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The main reason you are not lactating enough is BECAUSE you are supplementing with a bottle. Stop doing that and your milk supply will improve. If it is not enough still, you should try taking yeast tablets. (Not the red yeast). You can ask for them at a vitamin store. Yeast will improve your milk supply fully. I nursed 3 children & had pneumonia during one of my children's nursing time. The doctor told me I would have to stop because I was nearly dehydrated. I refused. I began taking the yeast, and my milk supply and dehydration improved so much that I got better and more milk than I needed. Try it.

Stephanie - posted on 02/15/2011

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Completely up to u ... I breast fed my first until he cut a tooth at 4mo then that was that i pumped till he was 7mo but my supply slowly dwinddled bc i felt like me n the pump we having bonding time instead of me n my lo ... My twins i breast fed till 2 solid months old ... Whoowhoot!!! Then enough was enough, the milk factory had enough and I was sick of being a machine ... I WISH i could have breast fed them longer only bc I loved the conection, but I did what was best for all 5 of us, my husband included and went on to formula feed my twins so i had more time with my 1 yr old ... Now, thats what I chose and thats what was best for me ... You do what you feel like doing both are fine bc formula has come a long way ... and they r both good for baby ... Dont listen to us, listen to u, what do u want to do?

Patti - posted on 02/14/2011

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I would take note of what Jennifer Laur wrote. From my experience with my 7 children, the key was to drink lots of liquids and allow them to nurse frequently until my milk supply increased. I found it lots more convenient, less expensive, and relaxing to nurse my babies than to try and mess with formula, bottle sterilizing, trying to get the right formula, carrying it everywhere, let alone affording it. If you find that it is really out of the question for you, then don't get down on yourself for switching from breastmilk to formula. Take time to enjoy the time with your baby though. Some lanolin for nipple tenderness can help avoid cracking from dryness which can be mighty uncomfortable if you overdue the "let the baby nurse whenever he wants" routine. You do need to establish a real routine that you have charge over, but that balance does take some time and patience on your part. Get rest and lots of fluids. I hope for you that you will find nursing a bonding time that will strengthen your relationship and help you both to enjoy life more.

Thepmala - posted on 02/14/2011

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If you can keep up with breast feeding then I would suggest you keep doing both. Breast feeding will help you lost the weight girl!

Mahfudzah Haji - posted on 02/14/2011

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oh by the way bhakti..my children are in their teen years now.. i joined this circle just to share my experience with all the moms here..lucky for me i think cause i have plenty of breast milk then and i have to express them during the day when i can't make it to their nursery n when am back home after work I breastfeed them till the next day...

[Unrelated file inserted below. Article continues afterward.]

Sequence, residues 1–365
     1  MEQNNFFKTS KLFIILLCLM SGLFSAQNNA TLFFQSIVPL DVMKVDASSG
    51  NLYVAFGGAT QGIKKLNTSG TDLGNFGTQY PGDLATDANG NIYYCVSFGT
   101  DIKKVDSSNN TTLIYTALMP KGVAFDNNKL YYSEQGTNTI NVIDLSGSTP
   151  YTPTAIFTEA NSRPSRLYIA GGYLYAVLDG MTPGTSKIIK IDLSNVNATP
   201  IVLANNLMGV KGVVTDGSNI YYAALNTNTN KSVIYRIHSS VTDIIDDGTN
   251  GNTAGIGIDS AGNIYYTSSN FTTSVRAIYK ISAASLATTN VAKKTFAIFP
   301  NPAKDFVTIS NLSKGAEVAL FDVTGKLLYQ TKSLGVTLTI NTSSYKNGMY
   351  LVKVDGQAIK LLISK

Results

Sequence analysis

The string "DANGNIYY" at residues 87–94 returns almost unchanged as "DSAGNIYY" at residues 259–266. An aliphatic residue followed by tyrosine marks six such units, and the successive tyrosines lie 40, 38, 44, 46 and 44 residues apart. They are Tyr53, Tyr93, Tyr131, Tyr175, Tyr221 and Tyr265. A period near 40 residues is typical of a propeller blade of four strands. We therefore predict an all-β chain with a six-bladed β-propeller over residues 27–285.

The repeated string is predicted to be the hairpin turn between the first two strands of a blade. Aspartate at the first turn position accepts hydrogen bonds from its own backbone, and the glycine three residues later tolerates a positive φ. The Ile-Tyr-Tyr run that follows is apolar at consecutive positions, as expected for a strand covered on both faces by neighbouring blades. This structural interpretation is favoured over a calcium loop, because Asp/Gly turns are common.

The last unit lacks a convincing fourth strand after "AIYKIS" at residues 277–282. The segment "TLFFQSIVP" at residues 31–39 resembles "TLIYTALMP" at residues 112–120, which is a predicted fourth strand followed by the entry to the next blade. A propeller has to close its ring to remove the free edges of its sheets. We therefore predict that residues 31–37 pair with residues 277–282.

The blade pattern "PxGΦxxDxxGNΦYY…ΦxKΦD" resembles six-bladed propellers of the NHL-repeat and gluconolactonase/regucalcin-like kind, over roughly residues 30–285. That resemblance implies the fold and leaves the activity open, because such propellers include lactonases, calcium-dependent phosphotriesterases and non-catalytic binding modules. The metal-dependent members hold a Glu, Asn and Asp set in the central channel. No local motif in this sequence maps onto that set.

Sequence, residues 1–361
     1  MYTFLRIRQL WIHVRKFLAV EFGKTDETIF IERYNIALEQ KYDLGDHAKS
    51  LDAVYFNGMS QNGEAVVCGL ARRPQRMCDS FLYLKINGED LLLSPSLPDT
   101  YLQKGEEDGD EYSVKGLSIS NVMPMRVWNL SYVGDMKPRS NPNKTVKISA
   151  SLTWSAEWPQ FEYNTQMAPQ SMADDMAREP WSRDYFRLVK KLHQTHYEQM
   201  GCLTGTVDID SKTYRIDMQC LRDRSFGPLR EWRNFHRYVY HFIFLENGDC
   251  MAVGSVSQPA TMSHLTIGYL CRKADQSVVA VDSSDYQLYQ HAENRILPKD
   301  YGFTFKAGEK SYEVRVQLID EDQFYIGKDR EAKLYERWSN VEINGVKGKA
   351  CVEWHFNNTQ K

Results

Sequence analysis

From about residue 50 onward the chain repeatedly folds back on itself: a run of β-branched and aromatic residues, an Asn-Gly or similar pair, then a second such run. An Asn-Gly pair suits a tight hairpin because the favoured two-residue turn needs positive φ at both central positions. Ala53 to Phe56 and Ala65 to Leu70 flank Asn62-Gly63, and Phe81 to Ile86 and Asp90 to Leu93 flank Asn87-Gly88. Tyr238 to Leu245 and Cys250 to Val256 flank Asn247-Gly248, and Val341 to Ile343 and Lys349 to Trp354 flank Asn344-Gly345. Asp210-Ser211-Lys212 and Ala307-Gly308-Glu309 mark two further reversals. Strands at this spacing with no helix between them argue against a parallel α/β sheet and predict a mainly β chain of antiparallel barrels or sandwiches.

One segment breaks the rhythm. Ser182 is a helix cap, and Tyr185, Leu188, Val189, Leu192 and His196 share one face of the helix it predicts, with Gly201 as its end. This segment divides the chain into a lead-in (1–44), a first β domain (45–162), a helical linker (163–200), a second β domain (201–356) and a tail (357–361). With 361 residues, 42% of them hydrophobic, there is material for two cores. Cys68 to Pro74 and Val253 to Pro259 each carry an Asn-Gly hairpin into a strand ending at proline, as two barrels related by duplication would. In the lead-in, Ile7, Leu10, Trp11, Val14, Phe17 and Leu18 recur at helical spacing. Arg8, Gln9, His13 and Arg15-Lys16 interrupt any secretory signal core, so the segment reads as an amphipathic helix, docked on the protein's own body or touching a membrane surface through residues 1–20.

Mahfudzah Haji - posted on 02/14/2011

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it's up to you actually cause i have kept on breastfeeding my two children at the same time giving them formula milk until they were 2 years old. i am a working mom n I do both to ensure they have all the milk they need.

Laura - posted on 02/14/2011

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If you want to continue breastfeeding you may want to consider giving him less formula. B/Fing is a supply and demand type body function. If he gets milk from you your body will tell you produce more. If he gets formula from a bottle your body will tell you to produce less. Does that make sense?

Breastfeeding is better nutritionally for baby and also improves their immune system. It also is considerably less expensive. In the middle of the night, I would much rather breastfeed than make up a bottle. However if you want to switch to formula that is fine, it is your personal choice. Many a baby has been fed formula from the get-go and turned out just beautifully.

Fleur - posted on 02/14/2011

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I would try the pumping milk to stimulate your milk production, I had the same problem I bought the Medella pump and Go and it worked great. My lactation increased b week 6.

Debbie - posted on 02/14/2011

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Do both, most important thing is that your little one is getting calories to support his growth and development. If you decide to wean him choose a formula thats the closest to breastmilk. Debbie (Dietitian)

Jane - posted on 02/14/2011

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the more you nurse or pump, it will increase your supply. you can always supplement if you want. i did it w/my 2nd two after they had nursed, just to give them some more in their bellies. you can add a feeding in b/w or you can pump in b/w so your milk will increase. but if you aren't into breastfeeding, he'll be fine. i bf'd our 1st for 6 mos, our 2nd for 3 weeks and our 3rd for 2 1/2 mos. do what works for you.

Serree - posted on 02/14/2011

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I would continue to do both if you can and if you want to. I had the same issue with my twins and just kept going until about 6 months when was making so little that it didn't make sense anymore.

Ana - posted on 02/14/2011

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continue breast feed him and also formula........your milk increase if you are more often if you stop the milk will stop too .your baby still little and he needs the milk from you.....